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Gardening in pots

Alison Aplin

Alison Aplin

January 8, 2012

I have a love of nurturing plants in pots. It is something that for me goes back to childhood. In my former home in the Clare Valley in South Australia, I found that provided enough winter protection was given, succulents did really well. We carted literally hundreds of potted plants, mostly in terracotta, to our new home in SW Victoria. Many of these plants have since failed.

Beschorneria rigida in large terracotta pot

The climate in our new home not only is significantly cooler during summer, but the winter is very different – more like when we lived in the Adelaide Hills. The winters are very cold, though not as frosty, but there is constant moisture in the air during winter which causes many plants to rot. Many of these succulents have since rotted. Those that have survived I now place in protected positions out of direct exposure during winter. I’ve also discovered that potted Beschorneria likes the humid coastal air and does really well here.

Pale pink Impatiens in terracotta pot


I love colour in pots; the garden I don’t mind being subdued, especially during summer. But you can do wonderful things with pots. In protected positions around our home, I have different coloured Impatiens growing – all clashing in colour, but I think that it looks good with the resting garden beyond.

Mixed colours of Impatiens in terracotta pot

Surprisingly, Impatiens are not water guzzlers. Hot wind is their main enemy, but given a protected, well-lit area they are absolute value for money.

I find that when my pot plants need too much water, it is usually a sign that they need potting on into a bigger pot or putting into the ground. Exceptions to this rule are lavender, rosemary and similar plants – once they have developed a root system that requires extra water in pots, it is usually too late to keep them growing well. I usually throw them away at this point.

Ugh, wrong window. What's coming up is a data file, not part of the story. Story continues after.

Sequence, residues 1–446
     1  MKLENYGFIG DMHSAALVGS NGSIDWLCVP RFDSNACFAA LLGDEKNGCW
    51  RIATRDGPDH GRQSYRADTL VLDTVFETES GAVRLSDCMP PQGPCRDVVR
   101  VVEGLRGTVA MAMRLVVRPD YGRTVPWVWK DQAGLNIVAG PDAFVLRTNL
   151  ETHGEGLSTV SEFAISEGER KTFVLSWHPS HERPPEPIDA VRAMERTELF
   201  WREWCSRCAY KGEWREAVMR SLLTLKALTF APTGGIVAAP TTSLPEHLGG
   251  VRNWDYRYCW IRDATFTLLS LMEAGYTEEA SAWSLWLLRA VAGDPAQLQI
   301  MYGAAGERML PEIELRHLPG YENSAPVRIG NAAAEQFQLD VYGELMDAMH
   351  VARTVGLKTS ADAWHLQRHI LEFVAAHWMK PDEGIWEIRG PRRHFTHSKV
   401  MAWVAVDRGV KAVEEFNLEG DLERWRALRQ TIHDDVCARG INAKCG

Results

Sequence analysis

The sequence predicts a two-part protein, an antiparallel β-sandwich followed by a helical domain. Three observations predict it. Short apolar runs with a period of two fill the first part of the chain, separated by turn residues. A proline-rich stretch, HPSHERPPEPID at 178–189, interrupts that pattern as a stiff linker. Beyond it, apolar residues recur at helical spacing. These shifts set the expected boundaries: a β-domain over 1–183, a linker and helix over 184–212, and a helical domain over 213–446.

Camellias and citrus do really well in pots, but need to be planted on incrementally. They both have relatively shallow root systems; it is not the depth of the pot that is as important as the width to allow for the expansion of the roots. Once again, once I need to water too often, it is a signal to pot into a bigger size or plant into the ground.

Citrus in pots are big feeders, but need small amounts often i.e. every 6 weeks, being watered in well post feeding. Camellias only need an annual application of Camellia and Azalea plant food for the safest remedy. Both plants need to be potted into acidic potting mix.

Beschorneria tonelana

Beschorneria tonelana

If the soil dries out and water runs down the side of the pot when applying the water, then I use Saturaid granules. What a difference this makes when watering plants. I also use this product on my indoor plants during summer and have found that it makes an enormous difference to the well-being of the plants.

Another product that is recommended in gardens, that also works well for pot plants, especially during heat waves, is Seasol applied with a watering can over the foliage. These products really do make a difference.

While camellias, especially the japonica varieties need wind protection and a degree of shade, citrus need more sunshine, especially northerly exposure. I have seen citrus fruiting in pots under a pergola in quite a bit of shade, but they received winter sunlight from the north as the climbers over the pergola were winter dormant. I was actually quite surprised to see this, thinking the citrus would need more sunlight than this.

Gardening in pots is fun. It is a great way for children to start their gardening journey, learning about over and under watering especially. If the plants fail with the first attempt, start again, maybe with an easier plant for them to try, like marigolds.

Alison Aplin

Alison Aplin

Alison is a passionate, multi award winning sustainable landscape designer, Horticulturist and arborist. She has been the owner and designer of 2 Ecotourism gardens that have both won significant awards. Her writing is based on knowledge, empirical learning which is essential to sustainable ethic, and a questioning mind leading to much research. Her articles are often controversial - with a disclaimer that she is responsible for the written matter, and not Garden Drum. A deeply caring person about the natural environment, Alison's writing endeavours to explain why sustainable landscapes are so important. Without people like her, they will be lost and gardens will become merely concrete